As a result I had to content myself with a leftover: trying to come up with a valid reason for the number 240 to be appropriate anywhere at all in the graphic arts.

 

I came up almost empty and now submit my findings. If you can add to the list I will be forever grateful.

 

1. Before the industry settled into the custom of considering a  ream of paper to be 500 sheets (now sometimes called a long ream) it amounted to only 480 sheets (you guessed it: called a short ream by the printing nerds) and half of a short ream is 240 sheets.  

 

2.  I was lucky enough to have been around when densitometers were introduced into pressrooms. They were clunky devices with potentiometers (we called them “pots” ) that were both magical and inconsistent.  One day I took a machine home from our printing plant to test and determine the d/max of each of the papers I used in the darkroom.  That was ages ago but for some reason I can still recall that Polycontrast developed in Dektol, when dried, measured a density of 2.4. I admit that 2.4 is not 240 but give me a break.

 

3. As a  lithographer I included myself in the list.  I was married at 24. Let’s say that counts because I just celebrated my sixty-ninth anniversary. (Do the math.) Since you didn’t send a gift please allow the number 24 to be a valid entry. After all, 2.4 made the cut. 

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Adobe Community Professional ,
Mar 04, 2021 Mar 04, 2021

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I'd call that a pretty juicy post too, Norman 🙂

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Adobe Community Professional ,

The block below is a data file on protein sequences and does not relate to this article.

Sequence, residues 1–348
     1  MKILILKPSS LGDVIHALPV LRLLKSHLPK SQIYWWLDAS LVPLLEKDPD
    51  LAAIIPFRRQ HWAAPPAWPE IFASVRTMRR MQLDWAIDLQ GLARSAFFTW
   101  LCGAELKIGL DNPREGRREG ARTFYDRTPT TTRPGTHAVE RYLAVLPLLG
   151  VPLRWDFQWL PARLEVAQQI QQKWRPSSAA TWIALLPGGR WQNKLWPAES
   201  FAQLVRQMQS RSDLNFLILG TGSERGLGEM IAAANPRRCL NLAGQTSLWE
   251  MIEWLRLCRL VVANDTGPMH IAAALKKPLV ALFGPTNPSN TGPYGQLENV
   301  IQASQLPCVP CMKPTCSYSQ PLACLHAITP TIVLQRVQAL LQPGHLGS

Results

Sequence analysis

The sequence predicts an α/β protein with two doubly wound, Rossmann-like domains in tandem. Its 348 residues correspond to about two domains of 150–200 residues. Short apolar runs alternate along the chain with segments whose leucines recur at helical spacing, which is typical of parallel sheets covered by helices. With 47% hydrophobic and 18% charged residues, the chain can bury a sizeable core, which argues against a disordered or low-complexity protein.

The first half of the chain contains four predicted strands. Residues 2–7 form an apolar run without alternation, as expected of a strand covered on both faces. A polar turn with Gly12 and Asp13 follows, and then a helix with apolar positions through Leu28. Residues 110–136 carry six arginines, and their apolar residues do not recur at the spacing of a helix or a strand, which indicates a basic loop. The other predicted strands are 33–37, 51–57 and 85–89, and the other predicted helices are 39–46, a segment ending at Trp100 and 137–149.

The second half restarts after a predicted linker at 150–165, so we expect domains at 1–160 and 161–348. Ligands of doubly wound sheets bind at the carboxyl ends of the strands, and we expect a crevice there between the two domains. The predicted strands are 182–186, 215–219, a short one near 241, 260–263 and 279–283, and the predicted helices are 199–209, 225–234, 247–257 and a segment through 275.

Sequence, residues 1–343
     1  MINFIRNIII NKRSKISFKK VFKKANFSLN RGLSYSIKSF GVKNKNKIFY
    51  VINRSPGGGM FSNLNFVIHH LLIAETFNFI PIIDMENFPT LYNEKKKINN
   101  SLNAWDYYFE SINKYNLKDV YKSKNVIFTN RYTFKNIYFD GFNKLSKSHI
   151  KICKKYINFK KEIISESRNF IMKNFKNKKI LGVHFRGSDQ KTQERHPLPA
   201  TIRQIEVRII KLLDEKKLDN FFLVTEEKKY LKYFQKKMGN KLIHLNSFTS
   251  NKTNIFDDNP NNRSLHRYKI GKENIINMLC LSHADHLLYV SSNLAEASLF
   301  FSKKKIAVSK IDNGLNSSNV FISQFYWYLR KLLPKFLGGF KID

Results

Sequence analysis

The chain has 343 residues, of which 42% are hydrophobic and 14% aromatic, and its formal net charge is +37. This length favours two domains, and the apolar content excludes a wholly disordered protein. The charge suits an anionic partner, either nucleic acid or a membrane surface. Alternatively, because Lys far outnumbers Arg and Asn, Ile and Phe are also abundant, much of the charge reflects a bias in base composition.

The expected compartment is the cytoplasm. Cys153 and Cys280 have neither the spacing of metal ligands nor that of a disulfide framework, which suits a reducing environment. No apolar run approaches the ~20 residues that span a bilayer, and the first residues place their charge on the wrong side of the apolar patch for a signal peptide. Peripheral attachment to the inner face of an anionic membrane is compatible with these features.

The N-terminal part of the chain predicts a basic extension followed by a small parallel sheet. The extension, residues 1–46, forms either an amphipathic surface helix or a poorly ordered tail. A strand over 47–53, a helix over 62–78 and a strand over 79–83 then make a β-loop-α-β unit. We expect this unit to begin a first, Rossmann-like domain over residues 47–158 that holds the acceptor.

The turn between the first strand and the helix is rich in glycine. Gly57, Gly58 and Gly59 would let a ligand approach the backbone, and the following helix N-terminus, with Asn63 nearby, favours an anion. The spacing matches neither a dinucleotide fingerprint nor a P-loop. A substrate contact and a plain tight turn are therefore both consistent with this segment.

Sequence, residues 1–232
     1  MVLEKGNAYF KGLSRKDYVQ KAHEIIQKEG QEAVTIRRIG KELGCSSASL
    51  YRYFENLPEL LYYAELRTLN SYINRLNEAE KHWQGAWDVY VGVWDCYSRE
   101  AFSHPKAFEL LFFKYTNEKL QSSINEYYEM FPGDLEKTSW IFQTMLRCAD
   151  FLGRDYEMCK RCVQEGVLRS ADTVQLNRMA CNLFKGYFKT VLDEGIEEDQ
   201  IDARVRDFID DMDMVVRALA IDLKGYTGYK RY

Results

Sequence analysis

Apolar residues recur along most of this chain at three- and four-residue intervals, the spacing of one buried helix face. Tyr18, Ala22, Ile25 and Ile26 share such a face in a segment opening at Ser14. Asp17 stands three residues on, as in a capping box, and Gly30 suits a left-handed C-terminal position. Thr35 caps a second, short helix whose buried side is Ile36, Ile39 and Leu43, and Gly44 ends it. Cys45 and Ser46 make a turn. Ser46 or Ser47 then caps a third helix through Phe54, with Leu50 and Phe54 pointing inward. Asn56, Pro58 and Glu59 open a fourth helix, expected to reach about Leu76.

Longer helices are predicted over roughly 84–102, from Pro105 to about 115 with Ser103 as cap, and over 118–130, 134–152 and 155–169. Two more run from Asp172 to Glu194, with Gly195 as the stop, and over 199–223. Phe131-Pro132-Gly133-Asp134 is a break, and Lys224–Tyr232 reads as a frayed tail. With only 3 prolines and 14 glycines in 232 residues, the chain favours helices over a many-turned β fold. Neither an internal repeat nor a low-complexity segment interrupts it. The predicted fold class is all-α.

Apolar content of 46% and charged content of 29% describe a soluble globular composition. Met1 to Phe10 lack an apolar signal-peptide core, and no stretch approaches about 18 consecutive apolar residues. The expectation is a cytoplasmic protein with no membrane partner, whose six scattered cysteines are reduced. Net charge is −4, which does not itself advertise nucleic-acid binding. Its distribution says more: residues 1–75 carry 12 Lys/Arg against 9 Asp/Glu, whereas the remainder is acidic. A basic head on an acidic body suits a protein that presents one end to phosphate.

Mar 04, 2021 Mar 04, 2021

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I wish there was an LOL button.   xD

 

(And congrats on your anniversary!)  😄

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Adobe Community Professional ,
Mar 04, 2021 Mar 04, 2021

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You can hit the Correct button. After all, who'll know?

 

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Adobe Community Professional ,
Mar 04, 2021 Mar 04, 2021

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🙂 🙂 🙂

Brilliant Norman !

 

Dave

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Adobe Community Professional ,
Mar 04, 2021 Mar 04, 2021

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@norman.sanders wrote:

I came up almost empty and now submit my findings. If you can add to the list I will be forever grateful.

 

3. As a  lithographer I included myself in the list.  I was married at 24. Let’s say that counts because I just celebrated my sixty-ninth anniversary. (Do the math.) Since you didn’t send a gift please allow the number 24 to be a valid entry. After all, 2.4 made the cut. 


 

Hmmm...

24 is the inverse of 42 and everyone knows that 42 is the Answer to the Ultimate Question of Life, the Universe, and Everything, so I think 24 is, indeed, a valid entry.

 

Happy Anniversary to you and your wife! 

 

~ Jane

 

 

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Adobe Community Professional ,
Mar 04, 2021 Mar 04, 2021

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If we buy into that, then we have to accept to the list Joe Gutenberg's forty-two line short run print job. 

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Adobe Community Professional ,
Mar 04, 2021 Mar 04, 2021

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You've all missed the obvious.

 

  • 240 written in base 19 is CC, and we all know the significance of CC around here.
  • 240 in Roman numerals is CCXL - so they are obviously looking for an Extra Large version of CC
  • 240 in Greek numerals is ΣΜ´, which although strictly is sigma mu , looks like Em and therefore relates closely to Norman's printing and typography world
  • 240 in binary is 11110000 but converting that back as 'signed' binary to decimal is -112.  And of course 112 is an emergency number in many countries emphasising D.Fosse's advice to call urgently
  • Finally 240 in Hex is F0 - I'll get my coat 🙂

 

Dave

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Adobe Community Professional ,
Mar 04, 2021 Mar 04, 2021

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You have just melted the part of my brain that does long division.

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Adobe Community Professional ,
Mar 04, 2021 Mar 04, 2021

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Nicely done, Dave!

240 is also a tau number, a highly totient number, and a pronic number. 😊

https://en.wikipedia.org/wiki/240_(number)

 

~ Jane